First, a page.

This is not just unpleasant, it is also unhealthy. Ideas improve when they are challenged and questioned. I am a doctor, journalist and academic. I criticise the activities of doctors, journalists and academics in each of my jobs, and I welcome other people criticising my ideas.

Nothing could be more anti-democratic or stifling to debate than using money, law and power to regulate what can be discussed, and yet those who do it have the gall to represent themselves as the outsider, the little man, concerned with the medicine of the people. In reality they behave like nothing more than commercial entities.

The food supplement pill industry is phenomenally powerful, extremely lucrative and incredibly influential, but it has shown itself to be philosophically and commercially incapable of critical self-appraisal. Rath is its product. It is inconceivable that any individual within th
at industry would be brave enough to stand up and criticise his activities – and for that, more than anything else, it should be condemned.

Ben Goldacre, a medical doctor and author of the book Bad Science, writes the Bad Science column in the Guardian

Airlines Going Vegetarian Could Lead to Massive Carbon Offset

If every American ate just one meat-free meal per week, the emissions
savings would be the same as taking more than 5 million cars off our
roads” – http://is.gd/d3BdM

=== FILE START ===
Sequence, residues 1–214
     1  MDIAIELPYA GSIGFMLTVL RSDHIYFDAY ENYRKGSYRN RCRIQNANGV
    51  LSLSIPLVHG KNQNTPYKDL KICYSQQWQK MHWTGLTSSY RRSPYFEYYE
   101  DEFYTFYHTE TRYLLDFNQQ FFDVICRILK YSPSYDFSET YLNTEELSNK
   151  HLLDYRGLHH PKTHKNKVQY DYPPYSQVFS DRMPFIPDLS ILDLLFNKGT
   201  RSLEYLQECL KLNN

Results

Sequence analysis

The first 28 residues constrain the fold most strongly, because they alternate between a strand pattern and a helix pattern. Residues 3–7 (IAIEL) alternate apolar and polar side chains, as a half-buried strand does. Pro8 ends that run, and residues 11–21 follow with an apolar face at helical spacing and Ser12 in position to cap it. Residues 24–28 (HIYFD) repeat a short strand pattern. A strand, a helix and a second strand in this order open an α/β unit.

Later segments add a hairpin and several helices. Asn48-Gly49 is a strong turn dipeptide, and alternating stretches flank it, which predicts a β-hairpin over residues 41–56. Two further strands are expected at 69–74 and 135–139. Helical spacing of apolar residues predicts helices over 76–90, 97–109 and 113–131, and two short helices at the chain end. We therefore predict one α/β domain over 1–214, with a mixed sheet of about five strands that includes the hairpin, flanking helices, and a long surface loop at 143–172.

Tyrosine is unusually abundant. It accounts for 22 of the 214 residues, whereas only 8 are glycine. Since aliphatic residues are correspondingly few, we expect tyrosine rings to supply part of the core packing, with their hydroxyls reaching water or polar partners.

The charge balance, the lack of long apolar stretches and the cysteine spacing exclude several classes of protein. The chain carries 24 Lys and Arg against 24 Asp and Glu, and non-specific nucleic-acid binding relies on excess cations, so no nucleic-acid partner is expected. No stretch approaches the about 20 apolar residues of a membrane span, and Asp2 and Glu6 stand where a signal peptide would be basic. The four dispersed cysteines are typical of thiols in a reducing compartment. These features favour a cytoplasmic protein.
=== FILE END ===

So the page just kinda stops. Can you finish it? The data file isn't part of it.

Unfortunately the article above doesn’t say over what time period, but
I assume over the lifespan of the average American, which is 78 years.


There are an estimated 300 million Americans, so you’re talking
roughly 15.6 billion vegetarian meals (300 million * 52) per year being
the equivalent of taking 5 million cars off the planet’s roads.


There are projected to be 2.75 billion airline passengers in 2011


Assuming 1 meal per flight, and that 75% of current meals are
non-vegetarian, you’re looking at 2.62 billion meals.


Now, if all of those meals were to become vegetarian, the offset would
be equivalent to taking 840,000 cars off the planets roads.


The question now becomes how we can ‘nudge’ the airlines to make this “small but big change”

The Truth About Natura Rescue Remedy

I’ve heard a couple of friends and family swear by Natura Rescue Remedy, “for Shock, Anxiety & Sleeplessness”. So I thought I’d do a bit of research. Here’s what I found: 

Firstly, let’s have a look at the ingredients listed on the Natura website. (The ingredients don’t actually matter, but more about that later.)

  • Ambra grisea D6
  • Banisteropsis caapi Spag D60
  • Clematis vitalba (Clematis) aqua inf.
  • Helianthemum nummularium (Rock Rose) aqua inf.
  • Impatiens glandulifera (Impatiens) aqua inf.
  • Melissa officinalis Spag D3
  • Moschus moschiferus D6
  • Ornithogalum umbellatum (Star of Bethlehem) aqua inf.
  • Prunus cerasifera (Cherry Plum) aqua inf.

Let’s look at each of these in turn:

Ingredient Natura Says In reality
Ambra Grisea supports the functioning of the nervous system to treat anxiety, fear, hypersensitivity, shyness and numbness of the body. biliary secretion of the intestines of the sperm whale … was used as a fixative in perfumery
Banisteriopsis caapi helps calm extreme nervous hypersensitivity